But not in Tunisia!

Tunisia, a small country with ‘not much’ geopolitical stakes, is globally important because it is the only ‘survivor’ of the Arab Spring, the biggest mass movement in the recent history.

‘Survivor’ because there are forces in authoritarian regimes spread across the world, especially in Muslim monarchies, and terror outfits like the Islamic State, that would do all to destabilize Tunisia to create situations like Libya or Yemen or Syria or Egypt – to create situations that would tell the world that the Arab Spring failed to produce any result even in its birth place.

The transition, from Zine El Abidine Ben Ali’s dictatorial regime to democracy now, has been quite a journey for Tunisia. The journey that began in December 2010 and took first step towards reconstruction in January 2011 had an Islamist party government with its proposed ‘controversial constitution’, political assassinations and widespread protest movements.

But thankfully, Tunisia had strong civil society organizations – organizations that formed this National Dialogue Quartet – organizations that represented workers, activists, lawyers and business outfits.

The four civil society organizations in Tunisia that form the National Dialogue Quartet in 2013 – the Tunisian General Labour Union, the Tunisian Human Rights League, the Tunisian Order of Lawyers, and the Tunisian Confederation of Industry, Trade and Handicrafts – played pivotal role in convincing Ennahda, the Islamist party in the government, to step down – and in laying down a roadmap for further (and rightful) democratic transition.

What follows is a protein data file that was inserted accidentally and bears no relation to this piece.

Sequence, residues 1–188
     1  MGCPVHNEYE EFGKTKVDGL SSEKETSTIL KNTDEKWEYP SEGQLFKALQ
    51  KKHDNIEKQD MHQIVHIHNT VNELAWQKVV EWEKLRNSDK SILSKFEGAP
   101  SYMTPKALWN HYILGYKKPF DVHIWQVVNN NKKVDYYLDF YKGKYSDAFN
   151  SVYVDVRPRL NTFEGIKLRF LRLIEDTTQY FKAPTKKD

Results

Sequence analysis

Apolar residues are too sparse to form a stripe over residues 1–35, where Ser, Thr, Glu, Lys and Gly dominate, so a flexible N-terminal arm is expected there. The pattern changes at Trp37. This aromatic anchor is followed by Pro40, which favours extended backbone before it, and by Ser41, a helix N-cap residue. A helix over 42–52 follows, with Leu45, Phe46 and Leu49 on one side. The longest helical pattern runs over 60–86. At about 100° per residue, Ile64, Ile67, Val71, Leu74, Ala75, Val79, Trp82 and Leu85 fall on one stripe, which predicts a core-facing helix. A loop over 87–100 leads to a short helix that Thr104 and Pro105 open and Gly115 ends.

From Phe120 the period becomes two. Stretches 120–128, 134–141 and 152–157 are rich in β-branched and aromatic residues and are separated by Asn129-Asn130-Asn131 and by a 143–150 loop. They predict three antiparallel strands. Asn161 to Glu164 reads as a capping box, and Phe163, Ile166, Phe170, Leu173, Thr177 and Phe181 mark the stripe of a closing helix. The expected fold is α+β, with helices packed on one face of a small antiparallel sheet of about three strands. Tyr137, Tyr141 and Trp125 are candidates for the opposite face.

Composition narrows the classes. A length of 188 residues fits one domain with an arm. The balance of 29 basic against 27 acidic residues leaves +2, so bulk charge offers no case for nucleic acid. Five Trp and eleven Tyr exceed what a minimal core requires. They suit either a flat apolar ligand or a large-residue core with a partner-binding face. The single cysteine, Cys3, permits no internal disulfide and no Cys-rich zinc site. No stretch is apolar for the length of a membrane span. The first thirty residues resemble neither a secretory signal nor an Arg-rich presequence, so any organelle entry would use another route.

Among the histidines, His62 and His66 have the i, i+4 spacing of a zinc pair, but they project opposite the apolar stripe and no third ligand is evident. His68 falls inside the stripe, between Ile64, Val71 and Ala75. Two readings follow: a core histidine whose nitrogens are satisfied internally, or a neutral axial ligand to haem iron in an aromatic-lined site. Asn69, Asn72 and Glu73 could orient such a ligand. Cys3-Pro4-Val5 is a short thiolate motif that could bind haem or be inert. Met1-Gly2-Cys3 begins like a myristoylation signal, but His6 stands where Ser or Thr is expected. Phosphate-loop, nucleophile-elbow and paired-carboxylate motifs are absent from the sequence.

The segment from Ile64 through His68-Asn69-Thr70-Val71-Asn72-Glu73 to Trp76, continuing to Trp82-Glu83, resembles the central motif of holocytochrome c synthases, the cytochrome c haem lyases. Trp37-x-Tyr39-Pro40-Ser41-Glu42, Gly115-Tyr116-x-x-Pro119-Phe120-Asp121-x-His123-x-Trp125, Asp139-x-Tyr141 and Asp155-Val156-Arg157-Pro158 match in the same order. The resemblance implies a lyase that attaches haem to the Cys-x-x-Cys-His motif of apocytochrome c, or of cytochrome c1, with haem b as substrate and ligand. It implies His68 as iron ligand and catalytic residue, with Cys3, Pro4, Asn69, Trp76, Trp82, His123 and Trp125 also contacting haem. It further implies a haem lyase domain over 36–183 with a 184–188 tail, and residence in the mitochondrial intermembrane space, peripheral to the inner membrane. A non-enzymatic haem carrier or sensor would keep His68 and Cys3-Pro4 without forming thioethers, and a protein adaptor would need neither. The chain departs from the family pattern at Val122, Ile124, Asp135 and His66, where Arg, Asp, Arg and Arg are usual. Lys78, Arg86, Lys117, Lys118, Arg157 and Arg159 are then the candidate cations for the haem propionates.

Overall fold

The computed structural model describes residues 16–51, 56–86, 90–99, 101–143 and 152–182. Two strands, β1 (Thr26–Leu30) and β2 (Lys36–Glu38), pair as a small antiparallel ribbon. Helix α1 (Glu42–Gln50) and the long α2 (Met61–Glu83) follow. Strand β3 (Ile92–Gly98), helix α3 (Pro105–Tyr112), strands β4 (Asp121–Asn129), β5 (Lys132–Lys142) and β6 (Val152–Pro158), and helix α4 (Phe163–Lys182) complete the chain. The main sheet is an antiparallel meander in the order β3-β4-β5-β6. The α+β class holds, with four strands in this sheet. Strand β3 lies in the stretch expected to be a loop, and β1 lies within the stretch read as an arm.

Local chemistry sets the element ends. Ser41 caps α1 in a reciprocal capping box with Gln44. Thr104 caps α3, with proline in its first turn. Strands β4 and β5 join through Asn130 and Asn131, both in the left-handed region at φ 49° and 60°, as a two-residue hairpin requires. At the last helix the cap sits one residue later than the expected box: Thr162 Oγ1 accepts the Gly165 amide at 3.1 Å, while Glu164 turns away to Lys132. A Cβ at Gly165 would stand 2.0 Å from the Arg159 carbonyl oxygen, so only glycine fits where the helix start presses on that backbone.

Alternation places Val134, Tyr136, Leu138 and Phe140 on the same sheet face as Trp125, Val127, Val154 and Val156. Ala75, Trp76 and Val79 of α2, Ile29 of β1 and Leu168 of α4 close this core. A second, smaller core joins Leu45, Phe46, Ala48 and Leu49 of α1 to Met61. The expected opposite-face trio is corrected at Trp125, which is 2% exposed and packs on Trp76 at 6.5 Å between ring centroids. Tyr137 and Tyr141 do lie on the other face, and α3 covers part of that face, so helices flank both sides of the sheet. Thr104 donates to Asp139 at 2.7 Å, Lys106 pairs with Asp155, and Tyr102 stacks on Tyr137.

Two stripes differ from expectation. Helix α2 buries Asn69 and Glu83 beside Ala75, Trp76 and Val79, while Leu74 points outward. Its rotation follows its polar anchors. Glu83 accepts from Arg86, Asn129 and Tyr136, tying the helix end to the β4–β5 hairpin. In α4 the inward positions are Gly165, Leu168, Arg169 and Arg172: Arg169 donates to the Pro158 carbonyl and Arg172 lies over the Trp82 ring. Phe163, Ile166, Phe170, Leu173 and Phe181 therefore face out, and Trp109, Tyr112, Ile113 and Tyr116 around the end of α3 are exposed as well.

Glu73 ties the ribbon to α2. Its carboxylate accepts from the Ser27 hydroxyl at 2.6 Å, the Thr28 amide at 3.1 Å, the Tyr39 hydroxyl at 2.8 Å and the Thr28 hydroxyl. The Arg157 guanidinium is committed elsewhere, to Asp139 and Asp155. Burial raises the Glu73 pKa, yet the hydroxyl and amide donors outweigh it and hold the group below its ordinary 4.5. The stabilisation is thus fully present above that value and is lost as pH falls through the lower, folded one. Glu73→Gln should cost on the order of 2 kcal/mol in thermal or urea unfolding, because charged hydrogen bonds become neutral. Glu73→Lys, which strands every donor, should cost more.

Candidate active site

As the Norwegian Nobel Committee says, and as we know, a strong democratic tradition in Tunisia would serve as the reminder to others, in other countries, that what they had fought for.

A successful spring in Tunisia, originating from the Jasmine Revolution, would be a tribute to the fighting spirit that had made the Arab Spring a multi-country movement.

And the world has its tasks cut in ensuring that it happens in Tunisia – helping those who are helping to restore peace and strengthen democracy in the country – given the fact that the destabilizing forces are active to perpetrate terror and chaos – with two large scale terror attacks in Tunisia this year that killed scores – and with radical elements trying to recruit more collaborative hands.

The decision by the Norwegian Nobel Committee to award the Nobel Peace Prize 2015 to the National Dialogue Quartet of Tunisia should be seen as a logical step towards that.

©/IPR: Santosh Chaubey – https://santoshchaubey.wordpress.com/

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AN INDIAN AND A PAKISTANI SHARE PEACE NOBEL: NOTHING REALPOLITIKAL ABOUT IT

It was all so good. It looked brilliant on screens wherever the broadcast was being shown. The rounds of applause were spontaneous. The value addition of musical performances by artists from India and Pakistan was a treat to eyes and ears.

It happens like this every year, except the value addition.

What was announced two months ago had its final movement today, like it happens every year.

Yes, it echoes more in the niches that belong to the winners – their field of work and the part of the world they come from.

But, the echo remains more on the airwaves and in black and white words and for masses, it, at best, serves the purpose of giving recognition and spreading the symbolism that recognizes the cause and the efforts being made by the person/organization for it.